Coffee grounds can also be used to mulch plants that slugs love to feast on, such as hostas, ligularias and lilies. Try them for daffodils and other spring bulbs as well. You also can rid areas of slugs and snails by mixing up some instant coffee and making it two to three times stronger than you ordinarily would. Spray this concentrated coffee where slugs roam free and you'll notice a definite dropoff in damage.

When coffee is roasted, the papery chaff is removed and discarded. The lightweight, sand-colored chaff can be mixed into your compost heap or blended into compost for mulching beds and borders. Don't use too much chaff at once, however, or this fluffy stuff can sheet into a sticky mess, repelling water and keeping air out of the soil."
(excerpt by Ann Lovejoy,  http://seattlepi.nwsource.com/nwgardens/143052_lovejoy09.html)

John Clark has a beautiful garden in his backyard and plans on having a larger orchard and English garden in his new green home that he is building. One of the contributing factors to his garden's splendor is his composted coffee beans and chaff.  At this time, however, John cannot use all of the scrap coffee and chaff.  So we are offering it to anyone who would like it.  Please come by the roastery to pick up as much as you would like.

Q: What is so great about Shade Grown Coffee?

A: There are multiple reasons Shade Grown Coffee is so great.

First, you need to know what Shade Grown coffee is.  Shade grown coffee is coffee that is grown with a canopy of diverse species of trees over top of the coffee. This was the way coffee was first found. But the USAID and other international organizations talked farmers into growing a sun tolerant coffee that would have a higher yield per tree and allow for more trees per acre. This did actually up the amount of coffee being produced, but this practice has a large environmental impact.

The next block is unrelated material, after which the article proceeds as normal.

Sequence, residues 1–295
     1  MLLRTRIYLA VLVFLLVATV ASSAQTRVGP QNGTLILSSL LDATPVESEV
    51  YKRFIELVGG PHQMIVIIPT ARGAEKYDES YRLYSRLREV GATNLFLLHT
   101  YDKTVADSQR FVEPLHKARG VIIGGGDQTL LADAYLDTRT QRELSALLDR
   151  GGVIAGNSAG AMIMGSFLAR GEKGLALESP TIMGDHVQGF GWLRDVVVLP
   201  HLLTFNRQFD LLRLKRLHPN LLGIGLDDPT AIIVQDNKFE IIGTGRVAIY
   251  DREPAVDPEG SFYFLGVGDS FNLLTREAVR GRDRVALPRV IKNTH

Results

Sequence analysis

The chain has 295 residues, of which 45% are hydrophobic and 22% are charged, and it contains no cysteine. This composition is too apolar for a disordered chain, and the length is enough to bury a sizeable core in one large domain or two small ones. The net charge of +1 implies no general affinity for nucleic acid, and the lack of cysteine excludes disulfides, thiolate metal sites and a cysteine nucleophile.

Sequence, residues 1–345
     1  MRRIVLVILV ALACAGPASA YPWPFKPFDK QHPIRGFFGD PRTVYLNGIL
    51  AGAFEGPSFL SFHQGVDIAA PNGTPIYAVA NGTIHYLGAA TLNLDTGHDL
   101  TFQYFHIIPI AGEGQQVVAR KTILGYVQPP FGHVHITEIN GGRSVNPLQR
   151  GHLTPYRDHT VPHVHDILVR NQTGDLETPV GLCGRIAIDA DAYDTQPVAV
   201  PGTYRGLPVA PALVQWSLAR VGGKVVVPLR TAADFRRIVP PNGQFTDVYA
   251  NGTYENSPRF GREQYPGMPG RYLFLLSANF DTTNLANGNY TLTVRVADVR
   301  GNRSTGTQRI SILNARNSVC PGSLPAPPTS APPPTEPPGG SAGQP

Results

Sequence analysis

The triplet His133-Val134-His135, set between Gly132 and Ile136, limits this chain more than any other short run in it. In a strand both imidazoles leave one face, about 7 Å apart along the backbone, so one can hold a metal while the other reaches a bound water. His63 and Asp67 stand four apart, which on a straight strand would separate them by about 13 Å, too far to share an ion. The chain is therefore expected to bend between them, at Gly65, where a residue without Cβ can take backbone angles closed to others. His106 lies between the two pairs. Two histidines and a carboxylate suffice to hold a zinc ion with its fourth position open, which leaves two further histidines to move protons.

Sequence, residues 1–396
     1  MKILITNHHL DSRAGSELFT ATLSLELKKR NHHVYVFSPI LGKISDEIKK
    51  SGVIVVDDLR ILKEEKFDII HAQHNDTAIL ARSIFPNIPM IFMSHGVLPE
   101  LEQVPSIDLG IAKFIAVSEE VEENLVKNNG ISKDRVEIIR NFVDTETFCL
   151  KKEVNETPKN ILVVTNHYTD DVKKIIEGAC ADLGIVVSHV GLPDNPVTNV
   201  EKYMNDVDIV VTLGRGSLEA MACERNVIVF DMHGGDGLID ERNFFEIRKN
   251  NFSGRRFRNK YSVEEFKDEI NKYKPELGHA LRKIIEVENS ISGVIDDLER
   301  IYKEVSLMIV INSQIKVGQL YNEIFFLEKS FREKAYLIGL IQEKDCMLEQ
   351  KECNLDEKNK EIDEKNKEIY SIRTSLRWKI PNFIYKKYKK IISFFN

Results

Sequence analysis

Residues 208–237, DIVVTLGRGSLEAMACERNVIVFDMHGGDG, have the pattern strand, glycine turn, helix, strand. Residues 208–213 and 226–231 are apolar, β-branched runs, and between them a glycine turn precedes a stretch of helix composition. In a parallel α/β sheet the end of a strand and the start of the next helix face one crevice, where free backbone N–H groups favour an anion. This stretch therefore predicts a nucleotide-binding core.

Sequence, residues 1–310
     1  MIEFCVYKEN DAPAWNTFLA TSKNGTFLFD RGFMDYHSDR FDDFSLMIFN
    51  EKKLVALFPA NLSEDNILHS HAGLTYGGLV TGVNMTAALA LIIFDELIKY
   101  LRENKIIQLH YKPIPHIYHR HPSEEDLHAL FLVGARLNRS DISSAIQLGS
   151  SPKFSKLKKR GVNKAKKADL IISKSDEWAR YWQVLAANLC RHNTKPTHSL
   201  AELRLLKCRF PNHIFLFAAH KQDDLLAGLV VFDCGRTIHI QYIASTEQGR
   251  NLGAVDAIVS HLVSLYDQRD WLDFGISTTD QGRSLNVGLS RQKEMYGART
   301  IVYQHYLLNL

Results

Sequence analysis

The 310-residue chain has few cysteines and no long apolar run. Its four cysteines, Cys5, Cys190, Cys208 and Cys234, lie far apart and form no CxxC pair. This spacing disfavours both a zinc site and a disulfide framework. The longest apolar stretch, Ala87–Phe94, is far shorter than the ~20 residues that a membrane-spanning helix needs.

Sun Grown

  • Increases coffee yield in the short term.
  • Chemical fertilizers, pesticides, insecticides, herbicides need to be added because natural ecosystem is destroyed.
  • The trees root structure is shallow causing more erosion and toxic run off.
  • Creates a mono-culture system where the field must lay fallow every couple years.

Shade Grown

  • Mimics a forest with many layers giving habitat to many types of trees including hardwood, fruit trees, epiphytes, and other bushes which gives the farmers an extra income or food.
  • Provides a habitat for many migratory song birds and other animals.
  • The canopy of trees "protects the coffee plants that grow beneath them from rain and sun, help maintain soil quality, reduce the need for weeding, and aid in pest control. Organic matter from the shade trees reduces erosion and provides natural mulch, contributing nutrients to the soil and reducing the need for chemical fertilizers."
  • Since the soil is such high quality the fields can be grown on year after year.

For more information check out: http://shadecoffee.org/shadecoffee/Coffee/AboutShadeCoffee.aspx

Q: What does SHB mean?

A: The SHB stands for “Strictly Hard Bean”, a designation reserved for coffees grown at an altitude of at least 3,900 feet above sea level. The higher elevation forces the coffee tree to work harder to produce fruit. The result is a more developed flavor and greater aromatic complexity.

 

Q: What do you mean by water processed decaf?

A: By law, decaf has 97% of the caffeine removed from the original level, making it greater than 99.9% caffeine free. 

Check out this site for a more elaborate answer to your question.

http://www.mayoclinic.org/healthy-living/nutrition-and-healthy-eating/in-depth/caffeine/art-20049372

And here for more specific info on our water processed decaf.

http://www.swisswater.com/great-coffee-without-caffeine-dispelling-4-common-myths-about-decaf.

And this site for more even more info.

http://www.cspinet.org/new/cafchart.htm

Generally, the darker roasted the coffee, the lower the remaining caffeine content since it tends to burn away with darker roasts (higher temperature roast).